# In how many ways can $n$ dogs and $k$ cats be arranged in a row so that no two cats are adjacent?

There are $$n$$ dogs and $$k$$ cats. In how many ways can we arrange them in a row so there are no $$2$$ cats are adjacent?

I thought about trying to calculate the number of possibilities without any constraints and subtract the number of ways we can arrange them so there is at least $$1$$ pair of adjacent cats.

Would like to understand how to approach this problem correctly (and if there are multiple ways I would love to hear them).

Edit: Sorry, I didn't make myself clear.

What I meant was that the cats and dogs are different(each dog is different than the other and so are the cats).

And the row doesn't have to start with dogs - the only requirement is that we can't have $$2$$ or more cats in a row.

But the other question (if the cats and dogs are the same) is good too. If you have more ways to solve in case they are indistinguishable I would love to read and understand it too.

So, basically this 1 question turned to two:

Case 1: the cats are indistinguishable and the dogs too.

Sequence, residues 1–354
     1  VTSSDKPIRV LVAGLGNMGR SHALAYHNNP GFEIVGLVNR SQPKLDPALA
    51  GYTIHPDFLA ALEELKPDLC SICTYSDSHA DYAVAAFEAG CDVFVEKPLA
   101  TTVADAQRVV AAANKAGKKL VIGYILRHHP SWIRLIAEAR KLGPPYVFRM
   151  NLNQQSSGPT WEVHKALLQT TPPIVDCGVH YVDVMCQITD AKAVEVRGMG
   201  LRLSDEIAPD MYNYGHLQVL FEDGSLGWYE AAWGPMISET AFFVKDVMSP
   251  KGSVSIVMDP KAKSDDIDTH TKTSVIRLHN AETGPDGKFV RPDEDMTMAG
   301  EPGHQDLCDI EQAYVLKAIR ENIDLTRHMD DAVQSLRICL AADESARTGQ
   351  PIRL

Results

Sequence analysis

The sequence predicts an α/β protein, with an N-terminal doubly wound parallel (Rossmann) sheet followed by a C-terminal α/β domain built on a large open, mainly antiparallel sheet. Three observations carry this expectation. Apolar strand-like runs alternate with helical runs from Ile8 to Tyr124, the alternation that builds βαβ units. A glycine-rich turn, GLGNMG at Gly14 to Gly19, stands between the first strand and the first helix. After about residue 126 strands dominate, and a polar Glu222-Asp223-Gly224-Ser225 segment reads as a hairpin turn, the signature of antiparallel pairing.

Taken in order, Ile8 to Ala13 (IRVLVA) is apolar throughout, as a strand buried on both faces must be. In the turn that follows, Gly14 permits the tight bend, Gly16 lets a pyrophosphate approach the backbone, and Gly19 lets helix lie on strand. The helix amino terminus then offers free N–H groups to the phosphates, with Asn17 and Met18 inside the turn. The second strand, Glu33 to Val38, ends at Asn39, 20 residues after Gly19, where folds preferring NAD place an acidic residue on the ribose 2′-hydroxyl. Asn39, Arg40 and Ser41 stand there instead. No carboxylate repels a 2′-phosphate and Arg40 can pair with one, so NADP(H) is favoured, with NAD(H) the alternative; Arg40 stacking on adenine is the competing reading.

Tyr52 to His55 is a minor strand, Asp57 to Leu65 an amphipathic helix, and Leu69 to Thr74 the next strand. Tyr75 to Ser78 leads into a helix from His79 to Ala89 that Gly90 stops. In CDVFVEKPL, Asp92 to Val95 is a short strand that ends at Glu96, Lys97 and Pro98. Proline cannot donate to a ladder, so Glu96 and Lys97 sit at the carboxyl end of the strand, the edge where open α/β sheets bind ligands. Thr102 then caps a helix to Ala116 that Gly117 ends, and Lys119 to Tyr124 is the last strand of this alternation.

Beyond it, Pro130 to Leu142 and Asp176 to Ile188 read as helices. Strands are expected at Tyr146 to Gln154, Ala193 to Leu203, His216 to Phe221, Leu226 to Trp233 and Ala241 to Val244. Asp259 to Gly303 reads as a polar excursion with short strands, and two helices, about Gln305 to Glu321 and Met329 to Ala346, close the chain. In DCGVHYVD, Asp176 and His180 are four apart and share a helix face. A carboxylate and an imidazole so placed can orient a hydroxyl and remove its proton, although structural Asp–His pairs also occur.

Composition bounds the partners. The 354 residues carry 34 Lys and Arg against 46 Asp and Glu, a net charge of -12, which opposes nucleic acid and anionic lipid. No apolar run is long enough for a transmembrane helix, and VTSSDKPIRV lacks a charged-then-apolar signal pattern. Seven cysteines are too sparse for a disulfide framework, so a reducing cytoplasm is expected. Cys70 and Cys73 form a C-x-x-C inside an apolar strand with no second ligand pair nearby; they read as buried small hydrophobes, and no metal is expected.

Case 2: they are distinguishable.

And $$n$$ is large enough for it to be possible.

What is the minimal $$n$$? A bit confused.

If we start with a cat, then $$n=k-1$$ seems enough (cat first, cat last).

If we start with a dog, $$n=k$$. So in general we need $$n$$ at least $$k$$ to arrange them properly? Am I right?

Again sorry for the confusion!

Edit 2: My 2 questions were answered - thank you!

If you have any other ways to approach the problem or wish to add anything - please do, I would gladly read it!

In particular, if you know how to place the cats first and then the dogs, I would like to hear it.

• Is there any information given about $n$ and $k$? – Prakhar Nagpal Nov 16 '18 at 17:40
• Are the cats distinguishable? What about the dogs? – darij grinberg Nov 16 '18 at 18:00